“I learned my sense of color from my mom,” Carrie freely admitted. “I like seeing all of the new things and putting it altogether.”
There is one more benefit for a mom and daughter who make no bones about another shared interest. Both of them love the shopping aspect of their jobs.
“The ability to shop is one of the things I love the most about fashion merchandising,” said Carrie.
Susan said she also finds enjoyment in watching how fashion lines develop in companies over the years and the special relationships that grow between the buyers and the sellers.
Susan and Carrie have helped Ski Country Sports develop a hard-earned reputation in the sports fashion world that goes beyond the reach of the family’s small, specialty shop background.
“We’re a small shop in the realm of things, but we have a good sense of things,” said Susan.
The merchandise that will arrive in the store this fall was actually shown to the Leonard family women in November, 2013 and was up to several years in the planning and development stage before being shown to Susan and Carrie before that.
“Susan has a great eye for fashion, color and presentation,” Bill said. “She is one of those exceptional people at organizing things. She has a lot on her table and gets a lot done.
Not only do Susan and Carrie have to view new items with a feel for color, fabric and style, they also have to consider where fashion trends might travel a full year ahead of time.
“Carrie has done this with me since she was seven, or eight,” said Susan. “She has a real ability for seeing the color of one item and remembering it so she can put it together with another item.”
Besides her work in the family business, Carrie also serves as a buyer and runs the shop at a local golf course.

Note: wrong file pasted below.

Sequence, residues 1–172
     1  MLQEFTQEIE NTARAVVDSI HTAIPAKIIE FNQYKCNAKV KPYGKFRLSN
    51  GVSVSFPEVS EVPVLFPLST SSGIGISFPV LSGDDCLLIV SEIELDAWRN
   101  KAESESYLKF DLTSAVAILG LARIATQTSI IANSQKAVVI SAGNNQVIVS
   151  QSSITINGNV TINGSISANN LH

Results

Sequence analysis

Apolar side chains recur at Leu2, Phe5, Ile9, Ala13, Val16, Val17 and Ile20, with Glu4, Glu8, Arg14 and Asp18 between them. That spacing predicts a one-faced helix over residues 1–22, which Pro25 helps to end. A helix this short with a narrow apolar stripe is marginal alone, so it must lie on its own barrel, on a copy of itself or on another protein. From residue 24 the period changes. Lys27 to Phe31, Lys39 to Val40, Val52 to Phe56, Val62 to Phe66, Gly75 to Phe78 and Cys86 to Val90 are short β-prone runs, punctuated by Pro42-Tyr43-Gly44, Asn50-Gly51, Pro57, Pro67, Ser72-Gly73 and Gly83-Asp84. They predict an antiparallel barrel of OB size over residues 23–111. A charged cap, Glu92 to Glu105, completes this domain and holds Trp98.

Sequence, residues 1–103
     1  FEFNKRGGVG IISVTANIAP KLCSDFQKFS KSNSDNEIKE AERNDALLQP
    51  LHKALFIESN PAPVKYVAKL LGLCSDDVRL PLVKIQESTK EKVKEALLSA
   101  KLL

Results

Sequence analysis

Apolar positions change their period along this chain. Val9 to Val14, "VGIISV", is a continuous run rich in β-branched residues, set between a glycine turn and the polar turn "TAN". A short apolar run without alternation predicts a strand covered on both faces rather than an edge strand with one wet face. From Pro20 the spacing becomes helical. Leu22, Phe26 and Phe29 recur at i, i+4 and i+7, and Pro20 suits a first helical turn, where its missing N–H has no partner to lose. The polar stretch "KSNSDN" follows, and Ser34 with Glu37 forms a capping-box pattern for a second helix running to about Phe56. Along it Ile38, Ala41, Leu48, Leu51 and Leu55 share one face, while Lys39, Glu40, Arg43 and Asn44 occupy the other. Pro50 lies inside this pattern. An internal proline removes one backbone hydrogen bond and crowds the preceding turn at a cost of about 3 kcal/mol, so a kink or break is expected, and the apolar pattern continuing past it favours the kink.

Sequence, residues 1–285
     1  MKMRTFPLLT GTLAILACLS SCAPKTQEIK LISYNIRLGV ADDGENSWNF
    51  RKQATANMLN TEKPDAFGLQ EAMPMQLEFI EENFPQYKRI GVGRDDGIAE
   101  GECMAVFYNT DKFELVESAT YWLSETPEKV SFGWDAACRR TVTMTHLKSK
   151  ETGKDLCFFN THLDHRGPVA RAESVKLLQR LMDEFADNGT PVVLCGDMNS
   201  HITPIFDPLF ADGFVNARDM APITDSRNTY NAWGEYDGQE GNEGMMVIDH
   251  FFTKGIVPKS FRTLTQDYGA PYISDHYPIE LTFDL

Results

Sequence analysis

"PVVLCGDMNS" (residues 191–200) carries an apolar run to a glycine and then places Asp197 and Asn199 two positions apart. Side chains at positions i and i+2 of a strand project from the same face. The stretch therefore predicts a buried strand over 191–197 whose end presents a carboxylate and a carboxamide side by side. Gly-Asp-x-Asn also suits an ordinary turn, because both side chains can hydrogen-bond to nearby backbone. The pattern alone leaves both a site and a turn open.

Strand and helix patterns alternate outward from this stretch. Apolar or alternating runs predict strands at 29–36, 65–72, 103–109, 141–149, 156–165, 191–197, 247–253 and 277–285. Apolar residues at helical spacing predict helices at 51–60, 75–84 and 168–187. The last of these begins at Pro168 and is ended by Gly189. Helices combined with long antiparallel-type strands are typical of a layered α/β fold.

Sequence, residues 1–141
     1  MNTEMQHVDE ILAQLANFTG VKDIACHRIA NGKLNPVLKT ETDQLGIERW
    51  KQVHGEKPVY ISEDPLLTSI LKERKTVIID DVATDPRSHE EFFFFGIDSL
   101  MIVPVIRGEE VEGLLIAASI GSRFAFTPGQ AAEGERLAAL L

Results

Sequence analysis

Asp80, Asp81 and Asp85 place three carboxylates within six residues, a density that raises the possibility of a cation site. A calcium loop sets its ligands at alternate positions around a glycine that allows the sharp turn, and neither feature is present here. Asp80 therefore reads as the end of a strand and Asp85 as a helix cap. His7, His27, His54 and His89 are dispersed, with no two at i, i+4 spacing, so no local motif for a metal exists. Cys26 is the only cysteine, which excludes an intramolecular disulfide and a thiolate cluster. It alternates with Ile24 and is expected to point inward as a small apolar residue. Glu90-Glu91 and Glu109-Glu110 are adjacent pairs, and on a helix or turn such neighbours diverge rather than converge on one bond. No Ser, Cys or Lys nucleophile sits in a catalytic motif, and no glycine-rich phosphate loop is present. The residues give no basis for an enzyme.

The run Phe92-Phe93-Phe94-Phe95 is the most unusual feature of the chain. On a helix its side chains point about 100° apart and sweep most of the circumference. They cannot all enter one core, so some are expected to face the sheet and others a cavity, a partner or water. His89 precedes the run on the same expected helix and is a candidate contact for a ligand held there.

Like her three brothers, Carrie spent plenty of time growing up around the shop and across North Carolina Highway 184 at the Sugar Mountain ski resort.
“It was fun,” Carrie said of her childhood. “There was always something to do. We always have had a sense of family. It is something we learned early on.”
About the time Carrie was beginning to make trips with Susan, she discovered she had her first loose tooth one day in the shop.
“I had my first tooth pulled here,” Carrie said. “Someone tied a string to one of the doors and pulled it out.”
Her family members also remember Carrie putting on impromptu fashion shows in the parking lot.
One of Carrie’s favorite memories of her three brothers was of them making snow guns.
“They made it snow in our neighborhood and here at the shop.”
Like her brothers, Carrie learned to ski before she was three and developed her skills to the point that one family friend offered to pay for her move to Colorado to take up the sport professionally.
“She fell in love instead,” said her father, Bill.
That relationship with Zach Smithey led to marriage almost two years ago.
The Leonard family also has constructed a strong sense of relationship with their employees. And all of the activity at Ski Country Sports allows for about 70 employees in the winter and over 100 in the summer.
No matter what the season, customers find a personable, hands-on approach to all of the business endeavors at Ski Country Sports. Family members and employees alike take extraordinary effort to cater to customers, something that is seen in a lot of subtle ways.
“If something needs to be done, you do it,” said manager Mark Russ, who has been with the Leonards for about 15 years. “You know that there is nothing they will ask you to do that they are not willing to do, or have done themselves.”
Strong customer service leads to repeat business and first impressions are important to the both the family and staff.
“Everyone around here cares about things and know how customers should be treated,” said Bill Leonard. “Things change and happen every day. You’ve go to be thinking on your feet.”
The Leonard business model also tries to find price points for a variety of clients.
“We are selling fun,” Russ explained.
Bill Leonard agreed.
“It is all about having fun and showing the customer a good time.”